Denver’s Dressy Bessy is looking forward to a string of road dates following Monolith this weekend. Photo from MySpace.
Denver’s own Dressy Bessy has been lying low of late, but returns in a big way at 1 p.m. Saturday, Sept. 13, when it officially launches the mainstage antics at the Monolith Festival at Red Rocks. Their return coincides with the Sept. 16 release of the band’s fifth record (“Holler and Stomp,” on Transdreamer Records), followed by a three-month national tour.
Some things have changed — Pacific Pride’s Paul Garcia has joined on guitar, keys, cowbell and backup vocals; along with new touring drummer James Barone, also of Pacific Pride. Most everything else has not: Ealom’s fashionable vintage ’60s glam look is fully intact, as is husband John Hill’s everpresent, joyful grin, Rob Greene’s bass and, oh those infectious melodies.
The new collective played a secret show Sept. 3 at the Hi-Dive that served as dress rehearsal for Monolith and life on the road. Ealom took the stage sporting longer jet-black hair than usual, checkered hot-pants, a furry white vest and her trademark, butt-kicking high-heeled boots.
There’s no one like Ealom in the Denver music scene, or maybe anywhere: The words coming out of her mouth are always smart, warm, inviting — countered by a ferocious onstage persona. Seriously, she has eyes of a viper. She seduces and threatens at once. You want her to see you, just not make eye contact with you. Because this girl will hurt you. With that killer smile, she’s a freakin’ 1960s Cleopatra.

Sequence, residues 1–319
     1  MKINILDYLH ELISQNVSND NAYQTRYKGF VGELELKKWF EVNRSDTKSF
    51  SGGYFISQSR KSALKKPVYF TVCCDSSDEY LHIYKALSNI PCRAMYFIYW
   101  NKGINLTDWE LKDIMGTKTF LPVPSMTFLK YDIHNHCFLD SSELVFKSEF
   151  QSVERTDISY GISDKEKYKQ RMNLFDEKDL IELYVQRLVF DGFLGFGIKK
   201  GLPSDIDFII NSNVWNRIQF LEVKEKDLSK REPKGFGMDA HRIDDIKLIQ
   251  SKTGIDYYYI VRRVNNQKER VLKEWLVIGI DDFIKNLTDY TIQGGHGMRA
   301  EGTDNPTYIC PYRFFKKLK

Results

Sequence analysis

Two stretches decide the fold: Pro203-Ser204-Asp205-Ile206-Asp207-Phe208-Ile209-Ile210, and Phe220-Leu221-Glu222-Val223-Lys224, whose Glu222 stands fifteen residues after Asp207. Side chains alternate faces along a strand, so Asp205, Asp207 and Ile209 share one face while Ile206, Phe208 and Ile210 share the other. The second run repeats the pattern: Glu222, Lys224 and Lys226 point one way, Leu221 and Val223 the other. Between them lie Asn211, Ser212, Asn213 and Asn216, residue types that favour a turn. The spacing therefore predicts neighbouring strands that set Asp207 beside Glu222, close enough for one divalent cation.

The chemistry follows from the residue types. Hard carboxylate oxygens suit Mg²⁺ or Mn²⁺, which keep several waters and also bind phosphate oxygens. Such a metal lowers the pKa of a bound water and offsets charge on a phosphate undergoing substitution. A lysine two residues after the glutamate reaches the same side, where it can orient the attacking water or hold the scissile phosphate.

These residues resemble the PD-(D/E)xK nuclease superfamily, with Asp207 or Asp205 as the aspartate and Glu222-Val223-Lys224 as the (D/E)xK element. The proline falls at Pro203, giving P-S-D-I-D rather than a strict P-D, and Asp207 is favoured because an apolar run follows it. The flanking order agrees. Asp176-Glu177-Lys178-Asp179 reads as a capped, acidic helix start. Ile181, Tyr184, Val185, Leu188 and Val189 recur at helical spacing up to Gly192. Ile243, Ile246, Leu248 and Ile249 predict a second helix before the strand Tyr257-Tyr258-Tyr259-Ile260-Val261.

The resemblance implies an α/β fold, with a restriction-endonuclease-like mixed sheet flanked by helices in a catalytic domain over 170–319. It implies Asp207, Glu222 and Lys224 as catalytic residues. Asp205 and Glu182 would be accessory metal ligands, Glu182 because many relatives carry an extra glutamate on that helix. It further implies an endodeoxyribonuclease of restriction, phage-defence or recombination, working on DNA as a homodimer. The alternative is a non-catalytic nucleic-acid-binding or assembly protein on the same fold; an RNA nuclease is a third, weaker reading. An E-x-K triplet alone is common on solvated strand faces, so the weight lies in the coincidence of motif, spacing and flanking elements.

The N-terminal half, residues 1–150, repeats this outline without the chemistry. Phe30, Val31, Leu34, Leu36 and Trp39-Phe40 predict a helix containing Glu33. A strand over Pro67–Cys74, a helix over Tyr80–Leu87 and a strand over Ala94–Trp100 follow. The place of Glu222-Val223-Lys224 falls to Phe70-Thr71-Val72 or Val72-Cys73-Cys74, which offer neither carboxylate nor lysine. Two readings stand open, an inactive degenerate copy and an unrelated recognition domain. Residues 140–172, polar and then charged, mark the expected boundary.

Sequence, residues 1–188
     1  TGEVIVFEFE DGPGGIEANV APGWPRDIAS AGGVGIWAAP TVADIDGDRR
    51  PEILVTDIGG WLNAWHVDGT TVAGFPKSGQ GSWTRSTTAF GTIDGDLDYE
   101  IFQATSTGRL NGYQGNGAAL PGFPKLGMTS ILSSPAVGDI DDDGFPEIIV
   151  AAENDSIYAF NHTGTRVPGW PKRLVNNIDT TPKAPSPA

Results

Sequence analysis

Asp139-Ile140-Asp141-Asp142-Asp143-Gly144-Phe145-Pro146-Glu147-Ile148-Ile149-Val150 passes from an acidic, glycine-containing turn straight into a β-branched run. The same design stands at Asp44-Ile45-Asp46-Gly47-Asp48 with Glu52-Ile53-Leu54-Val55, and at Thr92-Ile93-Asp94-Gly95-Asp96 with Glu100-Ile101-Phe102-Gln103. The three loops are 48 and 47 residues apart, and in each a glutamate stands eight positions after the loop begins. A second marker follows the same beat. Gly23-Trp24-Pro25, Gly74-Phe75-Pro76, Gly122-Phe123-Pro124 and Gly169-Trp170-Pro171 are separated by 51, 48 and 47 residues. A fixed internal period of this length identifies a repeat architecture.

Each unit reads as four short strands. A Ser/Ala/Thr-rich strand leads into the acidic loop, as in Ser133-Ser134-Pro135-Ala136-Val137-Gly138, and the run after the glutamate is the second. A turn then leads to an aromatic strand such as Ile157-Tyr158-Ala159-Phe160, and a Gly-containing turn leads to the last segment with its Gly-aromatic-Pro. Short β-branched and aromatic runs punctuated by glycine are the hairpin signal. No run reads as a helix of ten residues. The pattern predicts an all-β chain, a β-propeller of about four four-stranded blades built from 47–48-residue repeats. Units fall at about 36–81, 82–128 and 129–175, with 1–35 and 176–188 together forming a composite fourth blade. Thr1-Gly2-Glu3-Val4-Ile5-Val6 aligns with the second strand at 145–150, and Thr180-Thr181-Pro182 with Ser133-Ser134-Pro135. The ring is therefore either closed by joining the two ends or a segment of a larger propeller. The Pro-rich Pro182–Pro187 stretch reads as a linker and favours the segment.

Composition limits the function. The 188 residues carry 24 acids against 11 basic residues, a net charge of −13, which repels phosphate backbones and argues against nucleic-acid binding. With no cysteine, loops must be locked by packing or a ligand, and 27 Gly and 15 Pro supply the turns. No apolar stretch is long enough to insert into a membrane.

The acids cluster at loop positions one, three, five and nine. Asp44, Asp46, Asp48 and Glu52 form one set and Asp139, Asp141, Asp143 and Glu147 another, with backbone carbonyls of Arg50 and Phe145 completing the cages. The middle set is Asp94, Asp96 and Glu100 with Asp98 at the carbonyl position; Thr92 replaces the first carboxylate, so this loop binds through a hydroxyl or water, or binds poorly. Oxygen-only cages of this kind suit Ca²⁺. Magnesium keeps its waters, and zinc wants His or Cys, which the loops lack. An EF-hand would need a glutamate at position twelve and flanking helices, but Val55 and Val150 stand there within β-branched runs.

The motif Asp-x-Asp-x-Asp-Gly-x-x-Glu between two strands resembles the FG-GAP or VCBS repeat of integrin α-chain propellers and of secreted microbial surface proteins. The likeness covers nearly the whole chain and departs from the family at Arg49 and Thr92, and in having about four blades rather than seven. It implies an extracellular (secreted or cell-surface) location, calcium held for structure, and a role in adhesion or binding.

The delightful anachronism is reflected all the more in the new songs from “Holler and Stomp.” The timeless, peppy beats are still present, as are the front-row bouncing girls and geek boys in cardigans. But Denver’s most stylish band has never sounded more substantive. There’s also a greater intensity and urgency to the songs, a fuller sound, especially when four guitars are firing and driving at once.
Dressy Bessy launched into 17 three-minute bursts of power pop, with little time for chat, “Because we wanna drink,” Ealom said.
There were expected, infectious hits like “Just Once More,” “The Things That You Say That You Do” and “Electrified.” But newcomers who get their first look at Dressy Bessy and note Ealom’s clothes and Hill’s loveable grin wrongly assume they are in for nothing but cute. A few songs in, and they’ll soon be noting comparisons to everything from Iggy Pop’s “Lust for Life” to Judas Priest’s ”Living After Midnight” (seriously).
If you miss Monolith — and even if you don’t — the band will celebrate the official CD release with an Oct. 18 show at the Bluebird Theater.
“Once more, make room for, just one more …”
John Moore is the theater critic for The Denver Post.